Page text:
: News

History Textbook Contains Controversial Civil War Claims

Play associated audio

In Virginia, a new history textbook for fourth-graders claims thousands of African-Americans fought for the Confederacy during the Civil War. It's a controversial notion that has irritated the school system--and the author.

The book is called Our Virginia, Past and Present. The disputed passage also claims two black battalions, who fought for the South, did so under the command of Stonewall Jackson. Most historical scholars say the account is a misrepresentation.

Charles Pyle, spokesperson for the Virginia Department of Education, admits the textbook was not properly vetted.

"...Occasionally, as with any process involving humans, there will be things that are overlooked, and unfortunately that's what has happened in this case," Pyle says.

Published reports claim the author of the textbook, Joy Masoff, sourced her work through a variety of sources but primarily through the Internet and a group called Sons of the Confederate Veterans.

Masoff says that's just not true.

"The source of this information was an American University professor: Dr. Edward Smith. There's a book called African Americans at War, an encyclopedia, it's written by Jonathan Sutherland," Masoff says. "That fact appears in it--This is a pretty well respected book and it was corroborated by something I read from Dr Smith."

Smith, the founder and co-director of American University’s Civil War Institute was unavailable for comment. Masoff says she's more than happy to omit the passage in future versions.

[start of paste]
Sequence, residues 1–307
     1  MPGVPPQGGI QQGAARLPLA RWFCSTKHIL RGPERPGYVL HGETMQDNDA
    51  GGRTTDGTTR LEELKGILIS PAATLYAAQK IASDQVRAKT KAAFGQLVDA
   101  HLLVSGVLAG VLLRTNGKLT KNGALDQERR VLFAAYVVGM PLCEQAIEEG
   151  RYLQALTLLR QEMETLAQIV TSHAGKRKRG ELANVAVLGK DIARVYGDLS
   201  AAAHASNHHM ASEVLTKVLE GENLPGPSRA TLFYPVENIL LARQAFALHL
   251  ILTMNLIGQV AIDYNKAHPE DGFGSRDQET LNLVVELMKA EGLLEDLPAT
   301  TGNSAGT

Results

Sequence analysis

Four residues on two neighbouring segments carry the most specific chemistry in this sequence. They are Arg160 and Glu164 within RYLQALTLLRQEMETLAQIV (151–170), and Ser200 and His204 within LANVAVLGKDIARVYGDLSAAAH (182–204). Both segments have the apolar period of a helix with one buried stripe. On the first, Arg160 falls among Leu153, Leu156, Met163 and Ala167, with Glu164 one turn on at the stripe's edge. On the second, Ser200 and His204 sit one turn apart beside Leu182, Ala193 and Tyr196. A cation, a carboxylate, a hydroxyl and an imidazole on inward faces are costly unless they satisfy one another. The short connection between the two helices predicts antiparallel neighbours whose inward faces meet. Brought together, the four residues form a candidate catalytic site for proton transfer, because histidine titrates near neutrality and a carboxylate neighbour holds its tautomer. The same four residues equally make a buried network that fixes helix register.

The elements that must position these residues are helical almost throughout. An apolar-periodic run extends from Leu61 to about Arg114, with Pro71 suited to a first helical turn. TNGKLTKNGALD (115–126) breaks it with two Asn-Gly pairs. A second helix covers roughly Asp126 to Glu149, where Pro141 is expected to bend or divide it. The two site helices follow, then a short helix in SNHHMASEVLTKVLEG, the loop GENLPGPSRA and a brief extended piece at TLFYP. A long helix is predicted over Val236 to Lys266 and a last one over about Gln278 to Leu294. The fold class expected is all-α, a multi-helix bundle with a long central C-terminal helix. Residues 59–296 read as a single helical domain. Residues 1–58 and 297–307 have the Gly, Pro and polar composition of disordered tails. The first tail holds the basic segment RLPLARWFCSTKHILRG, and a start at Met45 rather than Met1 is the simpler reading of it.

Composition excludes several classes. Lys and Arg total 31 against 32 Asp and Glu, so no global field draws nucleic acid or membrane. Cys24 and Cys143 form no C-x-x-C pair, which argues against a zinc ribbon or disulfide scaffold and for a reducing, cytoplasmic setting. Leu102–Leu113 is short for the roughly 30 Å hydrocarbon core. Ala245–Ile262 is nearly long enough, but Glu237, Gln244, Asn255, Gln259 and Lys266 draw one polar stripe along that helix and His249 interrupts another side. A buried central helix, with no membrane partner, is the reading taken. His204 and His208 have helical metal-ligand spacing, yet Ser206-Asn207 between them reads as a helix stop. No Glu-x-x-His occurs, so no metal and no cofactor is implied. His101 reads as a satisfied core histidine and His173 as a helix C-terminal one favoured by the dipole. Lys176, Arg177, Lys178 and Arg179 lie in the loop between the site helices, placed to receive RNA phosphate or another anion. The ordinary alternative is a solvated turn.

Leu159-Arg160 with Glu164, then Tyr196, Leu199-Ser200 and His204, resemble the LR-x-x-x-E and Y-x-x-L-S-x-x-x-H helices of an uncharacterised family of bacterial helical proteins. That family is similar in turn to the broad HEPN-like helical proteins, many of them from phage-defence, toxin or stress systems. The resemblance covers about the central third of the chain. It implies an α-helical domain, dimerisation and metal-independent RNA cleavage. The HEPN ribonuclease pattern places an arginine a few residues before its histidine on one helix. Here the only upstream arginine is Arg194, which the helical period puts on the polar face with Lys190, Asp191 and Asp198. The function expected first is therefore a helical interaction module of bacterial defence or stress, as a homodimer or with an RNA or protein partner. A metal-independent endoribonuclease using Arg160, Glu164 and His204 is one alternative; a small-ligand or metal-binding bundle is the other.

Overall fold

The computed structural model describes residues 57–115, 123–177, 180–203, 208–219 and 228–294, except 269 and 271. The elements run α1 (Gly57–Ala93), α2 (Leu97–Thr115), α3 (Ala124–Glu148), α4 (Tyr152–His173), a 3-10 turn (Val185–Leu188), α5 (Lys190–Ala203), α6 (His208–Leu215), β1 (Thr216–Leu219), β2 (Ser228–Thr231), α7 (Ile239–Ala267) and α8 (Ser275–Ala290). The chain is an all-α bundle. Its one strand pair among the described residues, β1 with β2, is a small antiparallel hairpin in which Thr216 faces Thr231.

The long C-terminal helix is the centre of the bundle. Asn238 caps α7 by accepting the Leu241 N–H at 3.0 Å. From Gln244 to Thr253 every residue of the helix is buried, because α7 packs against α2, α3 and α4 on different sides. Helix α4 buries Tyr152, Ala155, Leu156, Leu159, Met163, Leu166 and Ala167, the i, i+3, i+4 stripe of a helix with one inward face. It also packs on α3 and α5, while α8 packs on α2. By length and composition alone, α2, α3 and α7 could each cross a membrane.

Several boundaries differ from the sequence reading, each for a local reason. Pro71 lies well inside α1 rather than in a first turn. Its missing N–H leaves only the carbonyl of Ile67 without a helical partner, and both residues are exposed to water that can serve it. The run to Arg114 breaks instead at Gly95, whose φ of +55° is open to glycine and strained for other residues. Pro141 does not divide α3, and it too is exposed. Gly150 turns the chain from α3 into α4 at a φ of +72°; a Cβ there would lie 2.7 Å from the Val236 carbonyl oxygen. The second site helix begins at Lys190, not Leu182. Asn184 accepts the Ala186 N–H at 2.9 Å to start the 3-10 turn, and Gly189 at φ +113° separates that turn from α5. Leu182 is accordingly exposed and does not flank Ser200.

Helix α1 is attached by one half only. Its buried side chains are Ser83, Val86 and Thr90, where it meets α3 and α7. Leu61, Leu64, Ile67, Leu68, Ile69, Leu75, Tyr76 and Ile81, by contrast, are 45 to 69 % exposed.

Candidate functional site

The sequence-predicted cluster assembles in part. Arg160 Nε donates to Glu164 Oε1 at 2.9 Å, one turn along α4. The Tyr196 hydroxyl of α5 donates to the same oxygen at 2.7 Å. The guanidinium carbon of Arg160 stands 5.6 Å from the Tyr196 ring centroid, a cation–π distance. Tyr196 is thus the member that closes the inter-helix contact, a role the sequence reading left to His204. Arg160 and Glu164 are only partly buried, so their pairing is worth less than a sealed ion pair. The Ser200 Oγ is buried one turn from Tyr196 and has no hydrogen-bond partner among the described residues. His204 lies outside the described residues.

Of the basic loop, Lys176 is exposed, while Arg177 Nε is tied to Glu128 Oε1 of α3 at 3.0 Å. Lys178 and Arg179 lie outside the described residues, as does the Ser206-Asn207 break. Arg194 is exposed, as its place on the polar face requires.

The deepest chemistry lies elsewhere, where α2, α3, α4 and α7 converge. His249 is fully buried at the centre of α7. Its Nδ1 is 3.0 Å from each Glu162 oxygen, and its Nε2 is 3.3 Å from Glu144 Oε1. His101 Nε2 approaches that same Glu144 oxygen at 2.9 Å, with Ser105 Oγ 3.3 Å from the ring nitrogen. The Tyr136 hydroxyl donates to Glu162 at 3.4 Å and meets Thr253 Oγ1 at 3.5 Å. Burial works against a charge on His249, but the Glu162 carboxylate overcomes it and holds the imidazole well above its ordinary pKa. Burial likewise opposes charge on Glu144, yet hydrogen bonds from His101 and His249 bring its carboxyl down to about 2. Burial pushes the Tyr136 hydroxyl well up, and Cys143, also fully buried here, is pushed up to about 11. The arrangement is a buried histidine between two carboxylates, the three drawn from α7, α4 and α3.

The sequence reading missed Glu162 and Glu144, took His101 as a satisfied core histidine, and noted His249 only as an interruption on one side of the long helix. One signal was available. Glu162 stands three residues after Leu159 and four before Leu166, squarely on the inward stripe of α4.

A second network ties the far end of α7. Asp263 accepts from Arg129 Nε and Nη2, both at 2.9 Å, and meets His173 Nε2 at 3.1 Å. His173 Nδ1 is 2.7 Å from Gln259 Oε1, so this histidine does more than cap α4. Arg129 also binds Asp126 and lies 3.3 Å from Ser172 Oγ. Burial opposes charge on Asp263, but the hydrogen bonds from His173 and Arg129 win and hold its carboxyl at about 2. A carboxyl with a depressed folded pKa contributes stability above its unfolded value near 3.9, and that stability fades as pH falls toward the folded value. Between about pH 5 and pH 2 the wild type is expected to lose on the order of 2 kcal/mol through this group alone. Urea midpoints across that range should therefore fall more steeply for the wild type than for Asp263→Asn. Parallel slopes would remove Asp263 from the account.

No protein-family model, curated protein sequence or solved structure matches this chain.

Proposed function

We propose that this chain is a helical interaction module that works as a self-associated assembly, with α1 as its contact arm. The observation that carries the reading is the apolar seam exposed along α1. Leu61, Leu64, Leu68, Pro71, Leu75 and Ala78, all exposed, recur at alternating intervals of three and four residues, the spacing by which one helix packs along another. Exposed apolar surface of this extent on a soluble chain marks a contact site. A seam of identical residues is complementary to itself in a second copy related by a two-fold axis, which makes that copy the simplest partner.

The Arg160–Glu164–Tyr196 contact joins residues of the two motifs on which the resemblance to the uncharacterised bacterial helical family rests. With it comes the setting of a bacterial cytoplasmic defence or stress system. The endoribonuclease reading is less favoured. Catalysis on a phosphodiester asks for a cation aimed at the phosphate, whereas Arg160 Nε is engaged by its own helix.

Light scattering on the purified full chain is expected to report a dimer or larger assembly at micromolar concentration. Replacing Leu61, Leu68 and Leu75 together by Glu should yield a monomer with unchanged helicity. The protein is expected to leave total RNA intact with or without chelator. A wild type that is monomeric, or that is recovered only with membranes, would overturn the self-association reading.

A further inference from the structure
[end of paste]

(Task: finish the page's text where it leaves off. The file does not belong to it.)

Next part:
Meanwhile, officials at the Virginia Department of Education are in the process of notifying teachers and urging them not to teach the assertion to students.

WAMU 88.5

A Conversation With "Broad City" Co-Star Abbi Jacobson

What do Michelle Obama, Anna Wintour and Michael Jordan carry in their bags? Abbi Jacobson imagines the things you might find in her new illustrated book, "Carry This Book." We talk to the "Broad City" co-star about what you can learn from the contents of bags—and her success creating and starring in the hit Comedy Central show.

WAMU 88.5

New Approaches To Tackling Local Youth Hunger

The First Lady of Virginia Dorothy McAuliffe and other regional leaders are exploring new, innovative ways to combat local food insecurity.

WAMU 88.5

What Washington Really Thinks of the Rest of America

Kojo explores the surprising findings of a Johns Hopkins survey on what D.C.'s federal workers and unelected policy makers really think of the American public.


Researchers Build 'Nightmare Machine'

An MIT project rolled out just in time for Halloween uses artificial intelligence to generate horror images.

Leave a Comment

Help keep the conversation civil. Please refer to our Terms of Use and Code of Conduct before posting your comments.